Education of the Healthcare Providers

As the genetic contribution to cancer continues to evolve, primary care providers will assume a more pivotal role in the provision of clinical genetic services, including providing education to patients and their families about genetic information in general, genetic testing in particular, and the use of genetic technologies in cancer risk reduction surveillance, diagnosis, and treatment. The involvement of the entire healthcare team will be critical to assess the outcomes of family decisions regarding genetic information and to guide individuals and their families through the complex world of cancer genetics. There are data to suggest, however, that among members of the healthcare profession, knowledge regarding the criteria for hereditary cancer syndromes, the indications for associated genetic testing, and the role that molecular genetics plays in the prevention, diagnosis, and treatment of cancer is limited. A nationally representative random sample of physicians in primary and tertiary care specialties found that fewer than one-third of physicians had recommended cancer genetic testing to a patient. Barriers to the use of genetic tests in their patient populations included lack of confidence in their ability to recommend testing and lack of access to counseling and testing services.12 Healthcare providers are often at a loss about how to understand and communicate genetic test results to individuals, about what is their responsibility to inform other at-risk relatives of their potential genetic risk, and about how to assure confidentiality and privacy of genetic information in the medical record system. Limited physician knowledge of genetics may pose a barrier to the referral of appropriate candidates for genetic testing and the standard utilization of genetic predictive testing in clinical practice for increased cancer surveillance, screening, and prevention. Based on the potential for identification, classification, prevention, and treatment for a wide variety of cancer types, physicians and other healthcare providers and their patients would greatly benefit from training in interpretation and use of genetic predisposition testing as part of their clinical practice.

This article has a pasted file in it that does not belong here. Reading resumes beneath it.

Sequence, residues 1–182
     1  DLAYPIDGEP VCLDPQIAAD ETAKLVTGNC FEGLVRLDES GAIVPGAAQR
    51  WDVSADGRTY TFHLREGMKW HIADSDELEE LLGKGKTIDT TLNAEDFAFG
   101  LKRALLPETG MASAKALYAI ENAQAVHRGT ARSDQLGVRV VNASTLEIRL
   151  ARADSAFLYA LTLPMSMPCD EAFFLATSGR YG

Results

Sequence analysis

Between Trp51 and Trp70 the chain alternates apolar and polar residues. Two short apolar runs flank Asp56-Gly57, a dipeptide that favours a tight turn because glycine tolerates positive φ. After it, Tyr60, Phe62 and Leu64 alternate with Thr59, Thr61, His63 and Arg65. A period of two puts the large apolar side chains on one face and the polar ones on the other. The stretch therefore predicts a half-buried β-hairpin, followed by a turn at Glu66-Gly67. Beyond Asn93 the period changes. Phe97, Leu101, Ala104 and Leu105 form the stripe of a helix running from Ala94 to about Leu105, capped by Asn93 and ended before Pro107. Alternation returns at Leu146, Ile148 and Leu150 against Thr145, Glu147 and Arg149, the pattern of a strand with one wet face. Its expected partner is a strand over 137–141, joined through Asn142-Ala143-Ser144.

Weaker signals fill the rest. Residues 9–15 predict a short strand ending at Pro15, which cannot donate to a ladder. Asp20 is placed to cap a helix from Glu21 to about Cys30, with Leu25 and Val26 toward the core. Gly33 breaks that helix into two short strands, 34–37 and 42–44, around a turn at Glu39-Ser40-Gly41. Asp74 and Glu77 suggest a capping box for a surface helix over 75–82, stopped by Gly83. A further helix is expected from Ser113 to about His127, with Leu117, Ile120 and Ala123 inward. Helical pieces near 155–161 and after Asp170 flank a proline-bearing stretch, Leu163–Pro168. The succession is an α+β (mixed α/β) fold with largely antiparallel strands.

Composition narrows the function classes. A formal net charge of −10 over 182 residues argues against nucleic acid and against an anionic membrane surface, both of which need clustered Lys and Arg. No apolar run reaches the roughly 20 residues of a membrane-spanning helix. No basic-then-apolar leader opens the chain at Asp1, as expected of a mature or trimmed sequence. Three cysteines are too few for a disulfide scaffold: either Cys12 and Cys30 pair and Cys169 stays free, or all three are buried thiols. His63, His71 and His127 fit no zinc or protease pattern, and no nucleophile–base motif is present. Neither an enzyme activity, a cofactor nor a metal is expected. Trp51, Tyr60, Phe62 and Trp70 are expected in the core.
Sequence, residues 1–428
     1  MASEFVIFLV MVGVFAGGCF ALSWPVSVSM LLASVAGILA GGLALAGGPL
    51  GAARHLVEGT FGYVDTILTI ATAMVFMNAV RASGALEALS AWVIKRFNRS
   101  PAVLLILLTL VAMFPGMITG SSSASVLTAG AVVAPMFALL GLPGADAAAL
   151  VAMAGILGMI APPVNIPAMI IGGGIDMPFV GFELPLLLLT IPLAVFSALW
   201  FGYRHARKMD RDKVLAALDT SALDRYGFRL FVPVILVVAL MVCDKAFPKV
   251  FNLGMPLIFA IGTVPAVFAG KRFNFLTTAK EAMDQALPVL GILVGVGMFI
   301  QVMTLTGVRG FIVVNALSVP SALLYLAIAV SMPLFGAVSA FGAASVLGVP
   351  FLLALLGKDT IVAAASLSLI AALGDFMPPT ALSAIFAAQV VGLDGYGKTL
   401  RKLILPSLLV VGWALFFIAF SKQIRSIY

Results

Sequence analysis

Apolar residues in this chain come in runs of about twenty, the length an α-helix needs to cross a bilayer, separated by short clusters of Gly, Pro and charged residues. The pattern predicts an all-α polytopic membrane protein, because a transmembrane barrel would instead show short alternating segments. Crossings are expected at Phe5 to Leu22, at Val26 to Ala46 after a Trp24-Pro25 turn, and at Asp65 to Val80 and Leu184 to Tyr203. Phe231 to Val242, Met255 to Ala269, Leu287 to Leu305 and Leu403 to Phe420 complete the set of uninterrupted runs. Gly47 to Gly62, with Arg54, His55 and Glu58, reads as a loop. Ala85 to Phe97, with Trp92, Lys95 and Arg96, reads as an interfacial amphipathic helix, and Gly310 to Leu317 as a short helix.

A Disquistion On The Evils Of Using Tobacco

A Disquistion On The Evils Of Using Tobacco

Among the evils which a vitiated appetite has fastened upon mankind, those that arise from the use of Tobacco hold a prominent place, and call loudly for reform. We pity the poor Chinese, who stupifies body and mind with opium, and the wretched Hindoo, who is under a similar slavery to his favorite plant, the Betel but we present the humiliating spectacle of an enlightened and christian nation, wasting annually more than twenty-five millions of dollars, and destroying the health and the lives of thousands, by a practice not at all less degrading than that of the Chinese or Hindoo.

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